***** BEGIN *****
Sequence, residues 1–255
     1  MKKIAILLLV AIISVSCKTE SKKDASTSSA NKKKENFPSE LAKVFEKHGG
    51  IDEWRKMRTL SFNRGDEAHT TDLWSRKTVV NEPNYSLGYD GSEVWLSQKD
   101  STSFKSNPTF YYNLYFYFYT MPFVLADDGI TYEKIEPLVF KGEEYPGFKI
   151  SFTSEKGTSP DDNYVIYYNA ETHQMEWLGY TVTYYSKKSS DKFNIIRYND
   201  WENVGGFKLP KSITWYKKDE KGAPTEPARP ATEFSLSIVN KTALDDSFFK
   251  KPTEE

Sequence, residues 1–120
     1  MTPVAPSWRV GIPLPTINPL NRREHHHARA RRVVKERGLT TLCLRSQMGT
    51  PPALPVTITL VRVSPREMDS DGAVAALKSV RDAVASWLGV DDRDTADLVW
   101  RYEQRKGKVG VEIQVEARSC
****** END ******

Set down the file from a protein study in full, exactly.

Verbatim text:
Sequence, residues 1–255
     1  MKKIAILLLV AIISVSCKTE SKKDASTSSA NKKKENFPSE LAKVFEKHGG
    51  IDEWRKMRTL SFNRGDEAHT TDLWSRKTVV NEPNYSLGYD GSEVWLSQKD
   101  STSFKSNPTF YYNLYFYFYT MPFVLADDGI TYEKIEPLVF KGEEYPGFKI
   151  SFTSEKGTSP DDNYVIYYNA ETHQMEWLGY TVTYYSKKSS DKFNIIRYND
   201  WENVGGFKLP KSITWYKKDE KGAPTEPARP ATEFSLSIVN KTALDDSFFK
   251  KPTEE

Sequence, residues 1–120
     1  MTPVAPSWRV GIPLPTINPL NRREHHHARA RRVVKERGLT TLCLRSQMGT
    51  PPALPVTITL VRVSPREMDS DGAVAALKSV RDAVASWLGV DDRDTADLVW
   101  RYEQRKGKVG VEIQVEARSC